Wednesday, January 7, 2009

Chapter 2 Verse 15

Chapter 2, Verse 15

“Those with a serene spirit
Accept pleasure and pain
With an even mind,
And remain unmoved by either.
They are worthy of immortality."

Father Bede Griffiths:

"In the Upanishads there is a parable about two birds perched on the limb of a tree. One eats of the fruit, becoming involved. The other watches, remaining detached. The human being is body, individual soul, and spirit. The soul stands between the body and spirit. Normally, the soul is pulled towards the body, matter, and the senses, towards this world of change and impermanence, becoming immersed in it and losing its way. Repentance, Metanoia in Greek, is about the soul turning back with a new attitude and dedication to the realization of spirit within. Then the soul becomes focused on the power within, and with that focus comes mastery of the manifested world of hard, cold reality. The senses do not go away, but they simply lose their power to make us hanker after attractive sense-objects and be repelled by unpleasant ones. The point is to discover how to be free of this grasping and avoiding, and to awaken to the living power of spirit."

Srila Prabhupada:

"The Upanishads compare the soul and the Supersoul to two friendly birds sitting on the same tree. One of the birds (the individual atomic soul) is eating the fruit of the tree, and the other bird (Krishna) is simply watching His friend. Though they are the same in quality [‘bird-ness’], one is captivated by the fruits of the material tree, while the other is simply witnessing the activities of His friend. Krishna is the witnessing bird, and Arjuna is the eating bird.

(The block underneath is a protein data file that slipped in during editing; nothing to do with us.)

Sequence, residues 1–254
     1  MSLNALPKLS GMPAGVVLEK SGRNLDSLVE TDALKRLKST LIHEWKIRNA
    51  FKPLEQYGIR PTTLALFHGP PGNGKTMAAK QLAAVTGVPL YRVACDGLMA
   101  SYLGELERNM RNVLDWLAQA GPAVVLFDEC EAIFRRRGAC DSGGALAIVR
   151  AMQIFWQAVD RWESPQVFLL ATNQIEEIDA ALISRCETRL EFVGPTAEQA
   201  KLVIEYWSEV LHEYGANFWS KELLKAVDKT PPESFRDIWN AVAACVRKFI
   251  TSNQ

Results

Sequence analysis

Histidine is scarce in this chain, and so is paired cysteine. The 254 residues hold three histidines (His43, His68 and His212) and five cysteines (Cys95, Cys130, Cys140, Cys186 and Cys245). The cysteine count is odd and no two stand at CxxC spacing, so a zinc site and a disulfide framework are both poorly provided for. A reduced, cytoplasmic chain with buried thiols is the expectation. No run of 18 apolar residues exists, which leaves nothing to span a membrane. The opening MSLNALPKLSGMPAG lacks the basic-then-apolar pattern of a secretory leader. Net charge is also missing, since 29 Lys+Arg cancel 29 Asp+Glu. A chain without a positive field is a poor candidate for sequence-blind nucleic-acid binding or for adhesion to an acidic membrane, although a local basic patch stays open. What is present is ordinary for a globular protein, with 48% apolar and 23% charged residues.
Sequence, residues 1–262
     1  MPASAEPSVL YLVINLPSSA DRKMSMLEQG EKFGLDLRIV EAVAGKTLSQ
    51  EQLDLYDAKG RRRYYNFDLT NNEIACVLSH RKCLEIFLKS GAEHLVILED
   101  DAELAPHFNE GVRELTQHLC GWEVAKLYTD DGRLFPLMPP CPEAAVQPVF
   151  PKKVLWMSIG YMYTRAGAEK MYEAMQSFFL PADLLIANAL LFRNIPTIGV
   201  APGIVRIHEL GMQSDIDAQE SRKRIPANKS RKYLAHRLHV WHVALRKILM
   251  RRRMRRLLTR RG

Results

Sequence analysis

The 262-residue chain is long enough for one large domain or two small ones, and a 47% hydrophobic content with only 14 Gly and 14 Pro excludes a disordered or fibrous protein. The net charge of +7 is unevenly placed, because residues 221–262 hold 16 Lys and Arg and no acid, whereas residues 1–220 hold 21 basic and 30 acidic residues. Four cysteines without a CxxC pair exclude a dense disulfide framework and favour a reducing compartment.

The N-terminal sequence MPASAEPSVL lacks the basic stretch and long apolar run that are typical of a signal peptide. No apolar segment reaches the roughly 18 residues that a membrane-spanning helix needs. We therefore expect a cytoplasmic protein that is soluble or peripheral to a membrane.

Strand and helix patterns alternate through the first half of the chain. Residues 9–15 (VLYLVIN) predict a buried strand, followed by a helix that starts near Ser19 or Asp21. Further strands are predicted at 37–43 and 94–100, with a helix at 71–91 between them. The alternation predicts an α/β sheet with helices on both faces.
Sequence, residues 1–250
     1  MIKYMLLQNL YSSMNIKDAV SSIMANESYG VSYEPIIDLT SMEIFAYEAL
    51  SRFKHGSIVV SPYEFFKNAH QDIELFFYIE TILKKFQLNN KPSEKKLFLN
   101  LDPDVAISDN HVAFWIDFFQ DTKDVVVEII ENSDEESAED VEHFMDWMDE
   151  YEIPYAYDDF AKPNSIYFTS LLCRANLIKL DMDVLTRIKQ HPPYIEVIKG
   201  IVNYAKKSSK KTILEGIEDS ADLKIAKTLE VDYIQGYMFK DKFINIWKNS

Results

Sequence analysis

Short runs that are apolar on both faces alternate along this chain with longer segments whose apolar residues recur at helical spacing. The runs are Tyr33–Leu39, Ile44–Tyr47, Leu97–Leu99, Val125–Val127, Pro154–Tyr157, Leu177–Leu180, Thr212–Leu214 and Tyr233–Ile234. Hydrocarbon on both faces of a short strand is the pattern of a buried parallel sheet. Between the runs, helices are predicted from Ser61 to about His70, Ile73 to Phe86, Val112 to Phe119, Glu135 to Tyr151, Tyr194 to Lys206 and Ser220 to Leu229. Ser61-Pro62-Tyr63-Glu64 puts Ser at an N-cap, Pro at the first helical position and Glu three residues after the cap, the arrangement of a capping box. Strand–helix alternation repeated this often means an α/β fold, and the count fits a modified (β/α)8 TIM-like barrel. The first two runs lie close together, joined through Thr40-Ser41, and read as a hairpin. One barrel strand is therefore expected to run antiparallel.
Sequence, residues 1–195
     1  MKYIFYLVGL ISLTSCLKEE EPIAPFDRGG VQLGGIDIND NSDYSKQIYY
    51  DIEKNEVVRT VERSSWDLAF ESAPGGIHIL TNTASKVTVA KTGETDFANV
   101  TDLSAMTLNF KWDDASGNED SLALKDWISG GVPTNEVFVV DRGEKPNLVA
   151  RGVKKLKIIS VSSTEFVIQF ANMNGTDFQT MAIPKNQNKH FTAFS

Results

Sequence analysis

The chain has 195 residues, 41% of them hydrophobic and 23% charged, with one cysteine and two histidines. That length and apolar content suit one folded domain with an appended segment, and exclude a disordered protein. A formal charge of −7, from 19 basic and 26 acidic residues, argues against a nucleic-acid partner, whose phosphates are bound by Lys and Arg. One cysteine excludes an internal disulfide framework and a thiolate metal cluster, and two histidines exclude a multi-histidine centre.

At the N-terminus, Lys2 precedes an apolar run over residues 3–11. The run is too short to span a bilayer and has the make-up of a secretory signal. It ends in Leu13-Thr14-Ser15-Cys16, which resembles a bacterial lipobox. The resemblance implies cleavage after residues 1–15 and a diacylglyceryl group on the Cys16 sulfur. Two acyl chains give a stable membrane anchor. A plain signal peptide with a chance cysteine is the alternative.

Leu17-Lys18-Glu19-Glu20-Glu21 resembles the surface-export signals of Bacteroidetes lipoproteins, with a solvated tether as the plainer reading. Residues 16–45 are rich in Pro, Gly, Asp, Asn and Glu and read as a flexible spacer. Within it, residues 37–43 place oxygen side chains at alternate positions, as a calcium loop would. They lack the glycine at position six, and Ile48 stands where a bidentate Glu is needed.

The Jiva soul struggles very hard on the tree of the material body, but as soon as it agrees to accept the other bird as the supreme spiritual Arjuna agreed to do by voluntary surrender unto Krishna for instruction...the subordinate bird immediately becomes free from all lamentation. Arjuna has now turned his face towards his eternal friend, Krishna, and is understanding the Bhagavad Gita from him. And thus, hearing from Krishna, he can understand the supreme glories of the Lord and be free from suffering."

Ram Dass:"The ego is the program that runs personality, the body, and interactions with others on the physical plane. The ego only becomes destructive when a person identifies the ego as her or his whole being. That brings tremendous suffering, because the ego is full of desires the fulfillment of which will never bring lasting happiness.

We must be willing to look at everything, our own suffering as well as the suffering around us, without averting our gaze, allowing it to be in the present moment. Rather than closing ourselves to fear, we learn to open to it, to sit with it, allowing it to arise and pass in its own time. You will find that the moment you enter the witness state, the boundaries of the ego become loosened, and fear begins to change. You will begin to see what you fear from a different point of view. Fear of dying? 'Oh yeah, haven't seen you for a while. Come on in and have some tea. Tell me what's been happening.' Each time you can do this, you'll get a little closer to being able to look at your fears and say, 'Ah, so.'"

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